I’m convinced that, after enough listening to and reading about classical music, we each land on that one composer we can’t stand. Growing up outside of Boston, listening to WCRB as my grandfather’s powder-blue Buick exited on and off of I-95, I soon discovered my musical Moriarty in Georg Philipp Telemann. If I flipped to the classical station midway through a piece that annoyed me for its needlepoint preciousness, I soon learned I could identify it as Telemann before the announcer came on to confirm.

At a certain point, however, it becomes hard to remember exactly why we hate the music we hate. I found myself won over by another side of Telemann in 2012 with New York City Opera’s production of the composer’s “Orpheus.” What had struck me as blandly Rococo at 17 had, ten years later (and with the right performers) now sounded rich, nuanced, and crunchy. What initially had seemed like straightforward musical lines crammed with manicured hedges and grotesque floral arrangements was, in fact, an autumnal labyrinth of corners and cul-de-sacs. I’ve been chasing that sense of discovery with Telemann, of finally getting something that has eluded one for so long, ever since. 

At first blush, the composer’s 12 Fantasias for Solo Flute didn’t seem like it would offer the same sense of depth and crunch. It only takes a few minutes of Jean-Pierre Rampal to put me back in the semi-comatose state of so many proper-but-lackluster hours of Telemann endured. But Caroline Eidsten Dahl’s new recording, rendered on the recorder in lieu of the flute, gives these works that familiar, enlightening texture. Likewise, Dahl is at home in the complex tributaries of the composer’s melodic lines, playing with historical reverence but never with historical baggage. The intimacy of this recording is like being in a deep conversation, aware of each word and thought expressed, while remaining blithely oblivious to the time passing.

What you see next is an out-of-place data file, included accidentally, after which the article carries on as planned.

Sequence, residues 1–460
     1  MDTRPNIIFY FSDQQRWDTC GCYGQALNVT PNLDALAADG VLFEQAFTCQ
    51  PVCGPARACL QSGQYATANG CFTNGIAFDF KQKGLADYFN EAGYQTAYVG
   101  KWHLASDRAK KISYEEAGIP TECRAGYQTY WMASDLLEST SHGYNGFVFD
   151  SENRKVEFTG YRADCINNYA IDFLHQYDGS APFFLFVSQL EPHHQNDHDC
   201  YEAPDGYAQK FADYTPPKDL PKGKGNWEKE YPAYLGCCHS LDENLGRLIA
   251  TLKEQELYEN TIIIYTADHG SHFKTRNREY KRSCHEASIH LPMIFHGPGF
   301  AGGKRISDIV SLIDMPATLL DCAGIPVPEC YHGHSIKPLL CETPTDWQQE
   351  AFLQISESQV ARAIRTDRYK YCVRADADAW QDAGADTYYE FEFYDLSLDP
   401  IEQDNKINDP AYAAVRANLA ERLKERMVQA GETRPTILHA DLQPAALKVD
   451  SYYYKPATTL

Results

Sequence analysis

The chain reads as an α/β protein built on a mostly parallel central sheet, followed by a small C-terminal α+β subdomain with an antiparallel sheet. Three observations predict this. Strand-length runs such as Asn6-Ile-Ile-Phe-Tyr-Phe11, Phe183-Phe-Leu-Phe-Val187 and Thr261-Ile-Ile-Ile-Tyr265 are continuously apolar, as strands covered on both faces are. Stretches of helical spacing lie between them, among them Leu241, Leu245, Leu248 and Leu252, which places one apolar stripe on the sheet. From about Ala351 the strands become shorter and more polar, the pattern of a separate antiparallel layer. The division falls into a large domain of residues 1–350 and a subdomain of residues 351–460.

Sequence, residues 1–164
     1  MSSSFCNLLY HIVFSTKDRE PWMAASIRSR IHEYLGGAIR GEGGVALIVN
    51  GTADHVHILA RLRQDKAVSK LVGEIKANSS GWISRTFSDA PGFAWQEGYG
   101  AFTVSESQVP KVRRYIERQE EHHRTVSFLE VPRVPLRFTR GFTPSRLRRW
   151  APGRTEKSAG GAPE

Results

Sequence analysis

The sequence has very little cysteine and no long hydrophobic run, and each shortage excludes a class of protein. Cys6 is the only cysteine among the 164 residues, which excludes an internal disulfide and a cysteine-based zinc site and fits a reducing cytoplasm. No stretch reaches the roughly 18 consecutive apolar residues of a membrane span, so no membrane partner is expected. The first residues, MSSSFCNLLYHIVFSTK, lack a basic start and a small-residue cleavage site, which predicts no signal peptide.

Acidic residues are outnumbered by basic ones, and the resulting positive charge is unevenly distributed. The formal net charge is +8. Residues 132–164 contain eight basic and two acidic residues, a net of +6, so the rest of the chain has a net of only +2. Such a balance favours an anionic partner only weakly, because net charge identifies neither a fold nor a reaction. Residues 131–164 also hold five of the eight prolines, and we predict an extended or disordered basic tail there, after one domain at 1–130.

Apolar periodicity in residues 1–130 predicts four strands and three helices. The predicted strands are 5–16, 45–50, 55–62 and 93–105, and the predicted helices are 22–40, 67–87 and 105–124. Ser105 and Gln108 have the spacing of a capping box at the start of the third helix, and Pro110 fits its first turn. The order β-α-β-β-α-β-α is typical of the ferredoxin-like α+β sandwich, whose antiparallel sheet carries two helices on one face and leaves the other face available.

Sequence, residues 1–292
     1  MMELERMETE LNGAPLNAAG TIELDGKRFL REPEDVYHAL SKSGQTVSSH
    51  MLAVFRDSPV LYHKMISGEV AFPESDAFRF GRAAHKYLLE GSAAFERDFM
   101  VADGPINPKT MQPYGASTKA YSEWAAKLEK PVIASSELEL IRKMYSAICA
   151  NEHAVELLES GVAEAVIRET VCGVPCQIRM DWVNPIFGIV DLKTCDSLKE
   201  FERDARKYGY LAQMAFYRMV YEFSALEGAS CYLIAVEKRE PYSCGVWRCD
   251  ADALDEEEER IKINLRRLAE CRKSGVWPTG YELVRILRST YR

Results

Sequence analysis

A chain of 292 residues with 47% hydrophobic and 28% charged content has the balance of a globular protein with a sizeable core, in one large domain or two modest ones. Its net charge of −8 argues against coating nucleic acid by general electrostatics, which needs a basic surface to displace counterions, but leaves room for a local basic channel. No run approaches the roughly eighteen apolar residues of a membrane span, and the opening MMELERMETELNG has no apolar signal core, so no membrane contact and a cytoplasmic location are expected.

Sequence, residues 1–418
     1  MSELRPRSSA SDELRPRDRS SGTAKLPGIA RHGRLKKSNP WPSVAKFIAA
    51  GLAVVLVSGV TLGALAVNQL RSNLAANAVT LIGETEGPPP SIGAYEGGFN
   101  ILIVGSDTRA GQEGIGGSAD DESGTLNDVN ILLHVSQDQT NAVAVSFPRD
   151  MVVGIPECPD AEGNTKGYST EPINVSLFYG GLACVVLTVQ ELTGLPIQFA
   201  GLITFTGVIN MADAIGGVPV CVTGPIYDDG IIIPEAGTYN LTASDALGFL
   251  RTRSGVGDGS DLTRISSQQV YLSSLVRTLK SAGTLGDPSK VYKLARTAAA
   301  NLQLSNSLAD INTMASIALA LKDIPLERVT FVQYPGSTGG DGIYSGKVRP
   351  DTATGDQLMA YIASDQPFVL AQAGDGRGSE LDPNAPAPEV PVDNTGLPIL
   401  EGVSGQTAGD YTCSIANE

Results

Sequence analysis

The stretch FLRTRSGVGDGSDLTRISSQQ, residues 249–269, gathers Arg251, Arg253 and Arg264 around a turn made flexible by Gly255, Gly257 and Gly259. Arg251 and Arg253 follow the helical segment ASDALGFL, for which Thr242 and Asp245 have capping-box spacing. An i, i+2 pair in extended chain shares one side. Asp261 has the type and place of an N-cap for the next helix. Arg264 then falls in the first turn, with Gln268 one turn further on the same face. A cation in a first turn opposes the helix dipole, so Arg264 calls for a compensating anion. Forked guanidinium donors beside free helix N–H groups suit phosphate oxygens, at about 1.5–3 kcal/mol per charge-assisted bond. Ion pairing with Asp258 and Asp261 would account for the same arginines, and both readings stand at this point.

Telemann isn’t the main focus of soprano Jeanine De Bique’s “Mirrors.” In fact, with a spitfire opening from Carl Heinrich Graun’s “Cesare e Cleopatra,” followed by the lushly plangent “Se pietà di me non senti” from Handel’s better-known “Giulio Cesare,” and the same composer’s coloratura jewel box of “L’alma mia fra le tempeste” from “Agrippina,” Georg Philipp’s six minutes of glory could easily get lost in the shuffle. 

That, however, would be a shame. “Rimembranza crudel,” Agrippina the Elder’s aria in Telemann’s “Germanicus,” is a silk thread of agony; luminous and luxurious. The mother and namesake of Handel’s heroine, this Agrippina is not a political schemer, but a political pawn who is falsely accused of infidelity and sentenced to death. Separated from the sum total of love she’s known in her husband (Germanicus) and her son (Caligula), she cries that “the heart doesn’t know how to live at a distance.” Her subsequent lament, built in Handelian fashion around just two lines of libretto, eliminates that distance, stretching ad infinitum to bridge the gaps of physical separation and manipulated misunderstandings. History may ebb and flow, but Agrippina’s heart will always suffer cruel remembrance.